Mobile equipment identifier
A mobile equipment identifier (MEID) is a globally unique number identifying a physical piece of CDMA2000 mobile station equipment. The number format is defined by the 3GPP2 report S.R0048 but in practical terms, it can be seen as an IMEI but with hexadecimal digits.
|Regional code||Manufacturer code||Serial number||CD|
An MEID is 56 bits long (14 hex digits). It consists of three fields, including an 8-bit regional code (RR), a 24-bit manufacturer code, and a 24-bit manufacturer-assigned serial number. The check digit (CD) is not considered part of the MEID.
The MEID was created to replace ESNs, whose virgin form was exhausted in November 2008. As of TIA/EIA/IS-41 Revision D and TIA/EIA/IS-2000 Rev C, the ESN is still a required field in many messages—for compatibility, devices with an MEID can use a pseudo-ESN (pESN), which is a manufacturer code of 0x80 (formerly reserved) followed by the least significant 24 bits of the SHA-1 hash of the MEID. MEIDs are used on CDMA mobile phones. GSM phones do not have ESN or MIN, only an International Mobile Station Equipment Identity (IMEI) number.
Obtaining the MEID on your phone
Open your phone's dialler and type *#06# to get its MEID number.
The separation between international mobile equipment identifiers (IMEIs) used by GSM/UMTS and MEIDs is based on the number ranges. There are two administrators: the global decimal administrator (GDA) for IMEIs and the global hexadecimal administrator (GHA).
As of August 2006, the TIA acts as the GHA to assign MEID code prefixes (0xA0 and up), and the GSM Association acts as the global decimal administrator. http://www.babt.com/gsm-imei-number-allocation.asp
The TIA also allocates IMEI codes, specifically destined for dual-technology phones, out of the RR=99 range. Other administrators working under GSMA may also allocate any IMEI for use in dual-technology phones. Every IMEI can also be used as an MEID in CDMA2000 devices (as well as in single-mode devices designed with GSM or other 3GPP protocols) but MEID codes may also contain hexadecimal digits and this class of MEID codes cannot be used as an IMEI.
There are two standard formats for MEIDs, and both can include an optional check-digit. This is defined by 3GPP2 standard X.S0008.
The hexadecimal form is specified to be 14 digits grouped together and applies whether all digits are in the decimal range or whether some are in the range 'A'-'F'. In the first case, all digits are in the range '0'-'9', the check-digit is calculated using the normal base 10 Luhn algorithm, but if at least one digit is in the range 'A'-'F' this check digit algorithm uses base 16 arithmetic. The check-digit is never transmitted or stored. It is intended to detect most (but not all) input errors, it is not intended to be a checksum or CRC to detect transmission errors. Consequently, it may be printed on phones or their packaging in case of manual entry of an MEID (e.g. because there is no bar code or the bar code is unreadable).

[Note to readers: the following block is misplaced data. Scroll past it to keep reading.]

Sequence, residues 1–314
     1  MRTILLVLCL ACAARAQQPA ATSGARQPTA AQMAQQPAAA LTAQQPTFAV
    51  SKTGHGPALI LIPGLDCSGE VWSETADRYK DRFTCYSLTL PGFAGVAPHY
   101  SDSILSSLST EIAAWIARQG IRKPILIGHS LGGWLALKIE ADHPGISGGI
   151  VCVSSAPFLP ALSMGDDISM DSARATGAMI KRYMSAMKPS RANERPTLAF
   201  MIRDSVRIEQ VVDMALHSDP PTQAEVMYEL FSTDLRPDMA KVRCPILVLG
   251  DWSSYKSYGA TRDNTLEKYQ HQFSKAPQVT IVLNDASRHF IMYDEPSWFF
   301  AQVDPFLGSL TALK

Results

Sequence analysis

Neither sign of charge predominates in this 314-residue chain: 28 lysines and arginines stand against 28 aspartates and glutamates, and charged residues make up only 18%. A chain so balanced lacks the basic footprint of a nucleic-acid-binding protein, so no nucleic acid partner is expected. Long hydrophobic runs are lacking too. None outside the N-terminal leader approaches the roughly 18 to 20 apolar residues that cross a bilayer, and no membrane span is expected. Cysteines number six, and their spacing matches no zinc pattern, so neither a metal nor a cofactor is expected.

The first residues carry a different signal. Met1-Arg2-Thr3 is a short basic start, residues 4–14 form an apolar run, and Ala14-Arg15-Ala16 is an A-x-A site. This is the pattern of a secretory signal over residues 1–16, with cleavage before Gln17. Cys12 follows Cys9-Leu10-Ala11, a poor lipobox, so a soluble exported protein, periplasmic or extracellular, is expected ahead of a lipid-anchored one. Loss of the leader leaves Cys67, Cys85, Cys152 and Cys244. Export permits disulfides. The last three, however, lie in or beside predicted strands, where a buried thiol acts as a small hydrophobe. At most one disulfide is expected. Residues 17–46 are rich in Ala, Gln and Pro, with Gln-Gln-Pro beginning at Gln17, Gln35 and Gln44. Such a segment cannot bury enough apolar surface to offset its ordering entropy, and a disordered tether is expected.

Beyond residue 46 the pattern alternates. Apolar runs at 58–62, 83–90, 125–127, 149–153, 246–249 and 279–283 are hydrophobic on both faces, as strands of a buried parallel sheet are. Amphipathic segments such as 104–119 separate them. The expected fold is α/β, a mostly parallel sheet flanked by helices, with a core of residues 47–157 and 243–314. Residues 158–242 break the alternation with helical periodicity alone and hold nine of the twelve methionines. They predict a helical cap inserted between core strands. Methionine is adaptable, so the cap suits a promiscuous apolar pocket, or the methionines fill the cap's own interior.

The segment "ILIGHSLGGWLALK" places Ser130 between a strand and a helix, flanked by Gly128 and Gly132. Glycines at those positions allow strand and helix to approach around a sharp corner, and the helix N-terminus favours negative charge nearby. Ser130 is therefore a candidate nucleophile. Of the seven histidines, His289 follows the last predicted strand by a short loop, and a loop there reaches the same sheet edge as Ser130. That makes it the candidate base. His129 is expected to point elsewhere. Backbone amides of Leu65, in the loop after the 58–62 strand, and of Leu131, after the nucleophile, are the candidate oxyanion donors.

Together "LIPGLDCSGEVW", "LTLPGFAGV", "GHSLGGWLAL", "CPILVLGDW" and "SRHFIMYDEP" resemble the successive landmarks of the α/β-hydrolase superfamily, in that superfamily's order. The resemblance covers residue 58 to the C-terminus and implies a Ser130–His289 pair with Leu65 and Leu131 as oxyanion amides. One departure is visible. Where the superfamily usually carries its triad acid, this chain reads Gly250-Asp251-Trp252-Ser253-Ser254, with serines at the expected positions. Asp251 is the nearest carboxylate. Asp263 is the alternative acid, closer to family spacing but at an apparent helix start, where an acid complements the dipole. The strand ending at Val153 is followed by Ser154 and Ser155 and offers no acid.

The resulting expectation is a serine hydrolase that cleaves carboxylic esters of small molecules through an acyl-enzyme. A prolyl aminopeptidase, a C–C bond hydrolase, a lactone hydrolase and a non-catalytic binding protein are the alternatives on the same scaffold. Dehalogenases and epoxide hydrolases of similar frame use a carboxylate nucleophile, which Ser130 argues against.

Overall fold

The decimal form is specified to be 18 digits grouped in a 5 5 4 4 pattern and is calculated by converting the manufacturer code portion (32 bits) to decimal and padding on the left with '0' digits to 10 digits and separately converting the serial number portion to decimal and padding on the left to 8 digits. A check-digit can be calculated from the 18 digit result using the standard base 10 Luhn algorithm and appended to the end. Note that to produce this form the MEID digits are treated as base 16 numbers even if all of them are in the range '0'-'9'.
Because the pESN is formed by a hash on the MEID there is the potential for hash collisions. These will cause an extremely rare condition known as a 'collision' on a pure ESN-only network as the ESN is used for the calculation of the Public Long Code Mask (PLCM) used for communication with the base-station. Two mobiles using the same pESN within the same base-station area (operating on the same frequency) can result in call setup and page failures.
The probability of a collision has been carefully examined. Roughly, it is estimated that even on a heavily loaded network the frequency of this situation is closer to 1 out of 1 million calls than to 1 out of 100 000.
3GPP2 specification C.S0072 provides a solution to this problem by allowing the PLCM to be established by the base station. It is easy for the base station to ensure that all PLCM codes are unique when this is done. This specification also allows the PLCM to be based on the MEID or IMSI.
A different problem occurs when ESN codes are stored in a database (such as for OTASP). In this situation, the risk of at least two phones having the same pseudo-ESN can be calculated using the birthday paradox and works out to about a 50 per cent probability in a database with 4,800 pseudo-ESN entries. 3GPP2 specifications C.S0016 (Revision C or higher) and C.S0066 have been modified to allow the replacement MEID identifier to be transmitted, resolving this problem.
Another problem is that messages delivered on the forward paging channel using the pESN as an address could be delivered to multiple mobiles seemingly randomly. This problem can be avoided by using mobile identification number (MIN) or IMSI based addressing instead.
Code to convert
This short Python script will convert an MEID to a pESN.
import hashlib meid = raw_input("Enter an MEID: ").upper() s = hashlib.sha1(meid.decode('hex')) #decode the hex MEID (convert it to binary!) pesn = "80" + s.hexdigest()[-6:].upper() #put the last 6 digits of the hash after 80 print "pESN: " + pesn
- "ESN Migration to MEID - Milestones & Timeline", The Telecommunications Industry Association (TIA), November 30, 2011
- CDG Resources on MEID and EUIMID
- Bader, Daniel (March 21, 2017). "How to make sure your phone works on a prepaid alternative carrier". iMore. Retrieved October 24, 2017.
- Pellegrino G, Quick F. White Paper on Pseudo-ESN Collisions. TIA. 26 May 2005.